Fear, anxiety, shame—victims of human trafficking struggle with myriad psychological issues as they try to recover from their trauma. Shelters can provide a haven for these girls and women, but after visiting several during alternative breaks as a UMD undergraduate, Lonna Babu ’16 M.Arch. ’18 wondered: Can shelters be built specifically to address the needs of survivors transitioning into a healthy life?

Yes, she thought. So she designed one.Lonna Babu portrait

Now, Babu’s master’s thesis project, “Safe Space: Architectural Sequence as a Healing Experience,” has been chosen for inclusion in the American Institute of Architects’ 2019 Emerging Professionals Exhibit; the theme of this year’s digital showcase is “Designing for Equity.”

“I saw the relationship architecture could have to these girls,” she said.

The design for the 30-unit residential and learning facility revolves around a central garden courtyard, open to the sky, where survivors can plant fruits and vegetables and gain the skills to cook meals from scratch, developing self-sufficiency.

“The courtyard is a very powerful way to bring people together,” said Peter Noonan, professor of the practice, who was Babu’s thesis adviser. “[Babu] investigated how courtyards were used throughout history in different cultures, and then used that research to be a vehicle for this transitional place of housing for the clients that would be working their way back into some kind of a healing and reintegration into society.”

The shelter also has classroom space where residents could take classes in academic subjects as well as practical ones, such as self-defense, resume-writing and career skills.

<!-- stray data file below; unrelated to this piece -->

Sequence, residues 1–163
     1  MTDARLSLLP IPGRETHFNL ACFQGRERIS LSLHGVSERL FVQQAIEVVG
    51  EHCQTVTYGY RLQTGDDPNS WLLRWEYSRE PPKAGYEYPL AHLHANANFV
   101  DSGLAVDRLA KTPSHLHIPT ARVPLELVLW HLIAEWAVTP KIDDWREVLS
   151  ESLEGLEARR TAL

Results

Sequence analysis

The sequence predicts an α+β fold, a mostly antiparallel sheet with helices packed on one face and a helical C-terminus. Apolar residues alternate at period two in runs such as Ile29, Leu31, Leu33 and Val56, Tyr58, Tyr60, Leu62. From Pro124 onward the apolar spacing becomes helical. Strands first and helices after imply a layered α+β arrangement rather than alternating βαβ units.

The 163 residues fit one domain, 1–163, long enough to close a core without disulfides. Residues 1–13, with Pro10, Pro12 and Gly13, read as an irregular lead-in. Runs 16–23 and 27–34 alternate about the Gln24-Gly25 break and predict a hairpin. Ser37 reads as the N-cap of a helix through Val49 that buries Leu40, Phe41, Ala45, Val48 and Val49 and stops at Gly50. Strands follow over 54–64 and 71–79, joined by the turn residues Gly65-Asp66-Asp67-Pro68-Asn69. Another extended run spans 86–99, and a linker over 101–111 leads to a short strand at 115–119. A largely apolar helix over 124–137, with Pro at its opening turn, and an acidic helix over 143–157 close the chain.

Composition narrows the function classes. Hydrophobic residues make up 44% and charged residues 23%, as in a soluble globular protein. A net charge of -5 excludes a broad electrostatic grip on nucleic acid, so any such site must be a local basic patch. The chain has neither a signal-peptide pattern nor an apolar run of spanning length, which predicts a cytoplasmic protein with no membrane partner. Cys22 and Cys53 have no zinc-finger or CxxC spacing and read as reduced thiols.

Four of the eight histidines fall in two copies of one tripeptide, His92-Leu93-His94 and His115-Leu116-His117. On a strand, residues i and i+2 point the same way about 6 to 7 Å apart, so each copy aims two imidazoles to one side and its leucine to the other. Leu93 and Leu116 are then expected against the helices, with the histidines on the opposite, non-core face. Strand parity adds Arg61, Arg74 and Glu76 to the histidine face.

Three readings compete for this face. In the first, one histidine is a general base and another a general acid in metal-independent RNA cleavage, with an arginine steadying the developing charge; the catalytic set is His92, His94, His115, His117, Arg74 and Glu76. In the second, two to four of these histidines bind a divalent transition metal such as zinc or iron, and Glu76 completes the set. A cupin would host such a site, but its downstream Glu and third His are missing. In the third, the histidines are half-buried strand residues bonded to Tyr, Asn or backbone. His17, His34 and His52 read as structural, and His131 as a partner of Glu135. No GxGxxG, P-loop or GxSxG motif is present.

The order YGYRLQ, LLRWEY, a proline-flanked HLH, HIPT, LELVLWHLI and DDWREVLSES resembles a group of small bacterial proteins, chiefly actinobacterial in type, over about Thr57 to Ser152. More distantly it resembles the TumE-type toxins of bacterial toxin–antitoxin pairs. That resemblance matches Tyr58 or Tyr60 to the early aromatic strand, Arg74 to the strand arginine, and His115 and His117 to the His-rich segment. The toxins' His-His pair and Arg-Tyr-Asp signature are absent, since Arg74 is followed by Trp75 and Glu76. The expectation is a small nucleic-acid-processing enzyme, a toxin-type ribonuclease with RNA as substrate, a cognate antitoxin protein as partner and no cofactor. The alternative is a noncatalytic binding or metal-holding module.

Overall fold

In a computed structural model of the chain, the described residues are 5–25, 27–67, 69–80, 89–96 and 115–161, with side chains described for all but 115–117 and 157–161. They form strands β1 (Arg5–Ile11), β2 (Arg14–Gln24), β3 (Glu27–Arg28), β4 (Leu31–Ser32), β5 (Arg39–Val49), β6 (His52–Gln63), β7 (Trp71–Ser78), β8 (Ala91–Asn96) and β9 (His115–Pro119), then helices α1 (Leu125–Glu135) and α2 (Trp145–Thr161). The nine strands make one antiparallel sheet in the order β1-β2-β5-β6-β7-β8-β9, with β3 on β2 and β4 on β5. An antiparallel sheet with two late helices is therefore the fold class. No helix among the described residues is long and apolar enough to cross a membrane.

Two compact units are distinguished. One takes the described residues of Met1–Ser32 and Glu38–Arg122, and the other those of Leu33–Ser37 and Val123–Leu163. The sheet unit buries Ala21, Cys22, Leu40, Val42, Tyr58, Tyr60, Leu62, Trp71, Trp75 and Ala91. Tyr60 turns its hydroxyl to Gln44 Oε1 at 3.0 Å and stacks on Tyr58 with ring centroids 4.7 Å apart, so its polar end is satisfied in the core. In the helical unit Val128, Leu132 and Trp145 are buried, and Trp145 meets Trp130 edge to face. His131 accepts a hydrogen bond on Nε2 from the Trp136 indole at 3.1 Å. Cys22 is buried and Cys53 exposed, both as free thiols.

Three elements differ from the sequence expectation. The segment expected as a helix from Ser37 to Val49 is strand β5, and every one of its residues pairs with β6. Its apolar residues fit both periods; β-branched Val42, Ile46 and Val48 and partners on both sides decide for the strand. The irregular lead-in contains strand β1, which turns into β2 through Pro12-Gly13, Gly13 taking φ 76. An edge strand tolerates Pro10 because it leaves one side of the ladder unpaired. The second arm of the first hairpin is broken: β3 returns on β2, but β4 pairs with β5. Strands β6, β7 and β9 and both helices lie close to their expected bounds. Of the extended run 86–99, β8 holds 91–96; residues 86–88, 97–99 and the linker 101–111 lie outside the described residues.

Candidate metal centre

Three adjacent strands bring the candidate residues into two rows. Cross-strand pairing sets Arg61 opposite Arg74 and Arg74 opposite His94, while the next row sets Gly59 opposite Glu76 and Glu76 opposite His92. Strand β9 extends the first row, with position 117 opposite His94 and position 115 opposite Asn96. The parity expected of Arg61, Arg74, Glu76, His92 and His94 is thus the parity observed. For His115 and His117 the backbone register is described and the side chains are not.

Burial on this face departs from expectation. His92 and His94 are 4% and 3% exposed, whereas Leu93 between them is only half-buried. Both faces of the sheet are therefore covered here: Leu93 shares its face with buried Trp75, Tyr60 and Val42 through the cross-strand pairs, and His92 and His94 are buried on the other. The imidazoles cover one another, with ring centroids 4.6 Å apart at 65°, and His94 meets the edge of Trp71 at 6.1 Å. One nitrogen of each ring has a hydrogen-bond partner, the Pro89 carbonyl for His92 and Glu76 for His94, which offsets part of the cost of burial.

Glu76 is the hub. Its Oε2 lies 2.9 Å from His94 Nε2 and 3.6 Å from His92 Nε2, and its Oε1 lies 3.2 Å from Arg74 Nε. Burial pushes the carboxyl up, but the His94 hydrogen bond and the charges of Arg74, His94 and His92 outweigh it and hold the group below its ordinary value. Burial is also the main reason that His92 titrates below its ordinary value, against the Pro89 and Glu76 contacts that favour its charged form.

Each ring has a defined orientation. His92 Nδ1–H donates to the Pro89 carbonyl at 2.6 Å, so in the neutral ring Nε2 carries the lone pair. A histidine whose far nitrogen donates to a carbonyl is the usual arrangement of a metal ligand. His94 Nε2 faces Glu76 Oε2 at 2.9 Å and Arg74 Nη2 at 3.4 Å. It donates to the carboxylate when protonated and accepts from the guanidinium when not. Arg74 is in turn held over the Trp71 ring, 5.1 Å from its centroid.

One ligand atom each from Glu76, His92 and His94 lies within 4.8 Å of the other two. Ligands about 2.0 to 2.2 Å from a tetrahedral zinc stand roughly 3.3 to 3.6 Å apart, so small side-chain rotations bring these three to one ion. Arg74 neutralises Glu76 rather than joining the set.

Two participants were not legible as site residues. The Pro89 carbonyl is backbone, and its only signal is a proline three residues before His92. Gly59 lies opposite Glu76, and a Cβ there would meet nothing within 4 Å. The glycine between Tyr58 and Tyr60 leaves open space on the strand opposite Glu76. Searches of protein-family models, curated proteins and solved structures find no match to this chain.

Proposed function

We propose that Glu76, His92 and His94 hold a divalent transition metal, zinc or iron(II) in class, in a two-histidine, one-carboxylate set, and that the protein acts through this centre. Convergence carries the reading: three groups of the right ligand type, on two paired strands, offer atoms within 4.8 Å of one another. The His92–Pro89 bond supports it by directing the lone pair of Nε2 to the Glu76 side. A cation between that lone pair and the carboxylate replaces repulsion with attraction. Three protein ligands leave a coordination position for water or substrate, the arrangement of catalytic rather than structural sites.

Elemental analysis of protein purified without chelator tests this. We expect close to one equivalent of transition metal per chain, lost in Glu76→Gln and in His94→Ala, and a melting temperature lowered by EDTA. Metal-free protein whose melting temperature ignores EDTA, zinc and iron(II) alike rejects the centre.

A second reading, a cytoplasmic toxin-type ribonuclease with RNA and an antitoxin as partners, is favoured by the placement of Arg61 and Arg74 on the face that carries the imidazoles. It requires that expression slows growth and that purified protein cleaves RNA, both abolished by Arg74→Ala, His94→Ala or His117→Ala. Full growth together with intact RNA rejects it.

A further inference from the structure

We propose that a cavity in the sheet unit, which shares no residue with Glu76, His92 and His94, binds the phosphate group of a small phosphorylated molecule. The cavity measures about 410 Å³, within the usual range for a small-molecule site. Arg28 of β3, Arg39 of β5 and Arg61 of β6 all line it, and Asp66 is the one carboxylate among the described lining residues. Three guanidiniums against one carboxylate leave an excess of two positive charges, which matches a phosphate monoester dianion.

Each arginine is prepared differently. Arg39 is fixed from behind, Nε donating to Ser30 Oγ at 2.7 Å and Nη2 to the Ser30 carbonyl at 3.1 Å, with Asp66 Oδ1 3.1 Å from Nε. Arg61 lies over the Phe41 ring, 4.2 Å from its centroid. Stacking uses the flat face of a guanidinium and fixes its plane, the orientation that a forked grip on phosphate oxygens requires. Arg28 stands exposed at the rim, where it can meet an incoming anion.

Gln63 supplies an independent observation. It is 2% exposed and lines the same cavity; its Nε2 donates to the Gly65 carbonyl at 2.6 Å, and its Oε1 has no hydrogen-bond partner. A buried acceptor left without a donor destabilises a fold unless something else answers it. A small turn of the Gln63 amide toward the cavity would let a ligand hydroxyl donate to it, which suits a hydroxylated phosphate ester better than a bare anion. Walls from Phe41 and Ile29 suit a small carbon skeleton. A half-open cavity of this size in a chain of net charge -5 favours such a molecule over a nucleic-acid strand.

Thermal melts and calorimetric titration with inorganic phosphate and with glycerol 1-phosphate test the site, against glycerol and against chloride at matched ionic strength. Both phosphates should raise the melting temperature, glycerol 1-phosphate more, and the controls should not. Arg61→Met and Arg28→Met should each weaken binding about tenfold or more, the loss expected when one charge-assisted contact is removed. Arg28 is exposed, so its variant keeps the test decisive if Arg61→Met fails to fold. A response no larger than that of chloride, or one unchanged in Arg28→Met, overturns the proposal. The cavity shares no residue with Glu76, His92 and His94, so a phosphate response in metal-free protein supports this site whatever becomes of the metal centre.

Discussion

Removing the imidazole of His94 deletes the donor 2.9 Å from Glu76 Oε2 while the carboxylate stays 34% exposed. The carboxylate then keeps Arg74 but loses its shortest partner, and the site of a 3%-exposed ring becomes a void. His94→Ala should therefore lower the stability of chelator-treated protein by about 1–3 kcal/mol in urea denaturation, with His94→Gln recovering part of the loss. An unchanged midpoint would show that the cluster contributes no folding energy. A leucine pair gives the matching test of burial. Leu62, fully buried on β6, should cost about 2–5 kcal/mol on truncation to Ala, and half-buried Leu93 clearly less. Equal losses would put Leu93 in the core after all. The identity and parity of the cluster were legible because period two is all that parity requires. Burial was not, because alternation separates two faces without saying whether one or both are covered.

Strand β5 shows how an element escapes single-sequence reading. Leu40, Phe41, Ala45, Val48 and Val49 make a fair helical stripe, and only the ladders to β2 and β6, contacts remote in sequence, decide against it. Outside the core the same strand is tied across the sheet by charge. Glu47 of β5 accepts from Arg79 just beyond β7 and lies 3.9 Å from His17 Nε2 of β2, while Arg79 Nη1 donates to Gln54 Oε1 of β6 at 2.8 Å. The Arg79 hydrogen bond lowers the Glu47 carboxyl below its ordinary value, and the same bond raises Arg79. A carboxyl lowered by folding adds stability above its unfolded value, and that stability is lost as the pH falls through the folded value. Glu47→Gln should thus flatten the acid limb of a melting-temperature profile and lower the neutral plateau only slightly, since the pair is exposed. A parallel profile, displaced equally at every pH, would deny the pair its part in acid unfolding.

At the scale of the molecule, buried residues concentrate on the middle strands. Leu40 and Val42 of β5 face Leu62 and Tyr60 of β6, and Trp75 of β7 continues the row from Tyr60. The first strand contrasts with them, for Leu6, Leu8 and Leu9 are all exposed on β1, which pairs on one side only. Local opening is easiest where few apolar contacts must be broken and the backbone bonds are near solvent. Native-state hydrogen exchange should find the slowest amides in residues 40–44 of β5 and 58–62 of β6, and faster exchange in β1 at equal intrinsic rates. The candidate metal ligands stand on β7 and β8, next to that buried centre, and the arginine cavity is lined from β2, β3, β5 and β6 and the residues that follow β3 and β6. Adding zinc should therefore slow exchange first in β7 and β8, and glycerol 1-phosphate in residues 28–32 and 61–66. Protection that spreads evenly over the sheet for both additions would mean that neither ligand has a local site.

“One of the biggest things was giving girls a lot of opportunities to make their own choices—that’s something that’s stripped away from them when they’re forced to do whatever their trafficker tells them,” Babu said.

Transitional features such as windows and doorways were also key to Babu’s design, allowing the space to be safe and secure but open at the same time. “The wall between the courtyard and the dorm rooms or the classrooms … let there be a seamless transition between these healing gardens and the communal spaces,” Noonan said.

Babu researched potential sites along the East Coast, ultimately settling on Baltimore’s Greenmount West neighborhood, a transitioning area in the city’s arts and entertainment district. “The neighborhood is scattered with murals that speak to this growth, community spaces, community parks and makerspaces. The idea that these survivors could become a part of this change and grow with the community … was a powerful idea in order to de-stigmatize these young girls and women,” Babu said.

Now an architect at the Baltimore firm Design Collective, Babu hopes her project will show how design and architecture can play a role in real-world social justice initiatives. “Even if you’re not building a full-on shelter, there are a lot of different aspects you can take into existing shelters,” she said. “It can start small and hopefully one day become a real, big thing.”